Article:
9780415097000 / 0415097002

Schizophrenia: A Scientific Delusion?


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Publisher:Routledge, 1990



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About the book:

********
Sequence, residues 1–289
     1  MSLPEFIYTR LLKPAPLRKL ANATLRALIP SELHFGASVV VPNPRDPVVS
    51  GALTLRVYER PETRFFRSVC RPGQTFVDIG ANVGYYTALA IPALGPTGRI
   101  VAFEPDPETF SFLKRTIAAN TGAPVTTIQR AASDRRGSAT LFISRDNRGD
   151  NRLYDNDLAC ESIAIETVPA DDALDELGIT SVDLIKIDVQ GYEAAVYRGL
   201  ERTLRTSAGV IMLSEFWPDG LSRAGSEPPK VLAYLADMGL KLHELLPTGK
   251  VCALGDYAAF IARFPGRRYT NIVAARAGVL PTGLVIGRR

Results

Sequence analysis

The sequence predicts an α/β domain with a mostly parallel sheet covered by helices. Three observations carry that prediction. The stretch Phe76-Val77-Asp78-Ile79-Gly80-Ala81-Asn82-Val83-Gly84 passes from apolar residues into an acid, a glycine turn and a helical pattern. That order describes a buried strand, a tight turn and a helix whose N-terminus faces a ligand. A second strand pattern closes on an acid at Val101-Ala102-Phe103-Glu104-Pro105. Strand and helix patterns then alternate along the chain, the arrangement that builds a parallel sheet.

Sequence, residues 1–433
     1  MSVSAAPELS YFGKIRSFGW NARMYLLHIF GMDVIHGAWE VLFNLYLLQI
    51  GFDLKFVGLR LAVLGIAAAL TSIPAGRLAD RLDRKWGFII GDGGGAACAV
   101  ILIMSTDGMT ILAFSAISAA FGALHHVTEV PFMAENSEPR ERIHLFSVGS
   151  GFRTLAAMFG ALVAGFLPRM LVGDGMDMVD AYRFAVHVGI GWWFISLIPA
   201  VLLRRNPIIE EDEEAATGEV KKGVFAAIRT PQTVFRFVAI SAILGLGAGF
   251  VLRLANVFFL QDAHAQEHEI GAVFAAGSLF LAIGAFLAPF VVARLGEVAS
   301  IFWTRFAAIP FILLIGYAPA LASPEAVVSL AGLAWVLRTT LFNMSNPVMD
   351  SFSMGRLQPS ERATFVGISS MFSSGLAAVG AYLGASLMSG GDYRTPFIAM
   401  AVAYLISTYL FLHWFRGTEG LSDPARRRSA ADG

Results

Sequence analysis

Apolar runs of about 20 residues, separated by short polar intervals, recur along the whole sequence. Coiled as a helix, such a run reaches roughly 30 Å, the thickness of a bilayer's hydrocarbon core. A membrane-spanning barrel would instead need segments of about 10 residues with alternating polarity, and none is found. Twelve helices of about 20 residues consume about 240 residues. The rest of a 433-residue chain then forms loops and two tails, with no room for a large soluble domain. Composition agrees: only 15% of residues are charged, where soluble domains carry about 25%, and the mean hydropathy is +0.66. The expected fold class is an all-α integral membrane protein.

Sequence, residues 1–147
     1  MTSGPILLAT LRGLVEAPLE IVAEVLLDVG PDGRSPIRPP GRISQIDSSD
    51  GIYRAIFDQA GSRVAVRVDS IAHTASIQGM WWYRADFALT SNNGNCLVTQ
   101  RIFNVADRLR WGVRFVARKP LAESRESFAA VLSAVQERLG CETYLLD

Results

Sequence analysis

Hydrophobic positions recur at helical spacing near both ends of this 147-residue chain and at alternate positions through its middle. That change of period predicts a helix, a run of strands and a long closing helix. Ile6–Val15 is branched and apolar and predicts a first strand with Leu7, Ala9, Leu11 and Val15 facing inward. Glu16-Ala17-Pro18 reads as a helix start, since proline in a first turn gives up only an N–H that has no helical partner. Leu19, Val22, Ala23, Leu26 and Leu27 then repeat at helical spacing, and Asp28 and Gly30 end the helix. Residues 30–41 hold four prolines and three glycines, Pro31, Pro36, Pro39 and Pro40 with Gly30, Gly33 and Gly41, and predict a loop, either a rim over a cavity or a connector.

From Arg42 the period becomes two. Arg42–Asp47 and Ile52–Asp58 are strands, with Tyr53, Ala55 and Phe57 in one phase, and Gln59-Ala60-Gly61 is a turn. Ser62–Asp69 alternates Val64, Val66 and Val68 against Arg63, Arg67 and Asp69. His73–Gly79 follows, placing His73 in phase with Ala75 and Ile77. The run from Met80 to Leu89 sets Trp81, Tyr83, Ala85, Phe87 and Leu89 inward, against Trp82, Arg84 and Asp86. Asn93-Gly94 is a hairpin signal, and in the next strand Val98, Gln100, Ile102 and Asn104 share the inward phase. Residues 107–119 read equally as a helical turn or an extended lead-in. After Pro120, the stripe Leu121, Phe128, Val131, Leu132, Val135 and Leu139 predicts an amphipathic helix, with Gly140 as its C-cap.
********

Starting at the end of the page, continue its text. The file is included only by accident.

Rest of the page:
The idea of 'schizophrenia' as a disease has become profoundly influential both within the medical profession and amongst the general public. So strong is this idea that those who criticise it are apt to be dismissed as being either ignorant of the latest research or indifferent to the fate of the 'mentally ill'. Mary Boyle challenges such ideas by offering a detailed critique of the origins and development of the concept and diagnosis of schizophrenia. She shows how such diagnoses did and still do rely on opinion rather than evidence, how they were characterised by conceptual confusion, and how subsequent research has been misrepresented. She therefore questions the validity of schizophrenia as illness, but emphasises that this is not to deny the existence of bizarre behaviour. She offers alternative interpretations of such behaviour, and points out the need to ask searching questions about the labelling of some behaviour as symptomatic of mental illness. By focusing not on schizophrenics, but on those who diagnose schizophrenia, this book will undoubtedly attract criticism and debate. Yet her approach allows the author to question traditional interpretations of bizarre behaviour, and to make more central the social and ethical issues which surround it.

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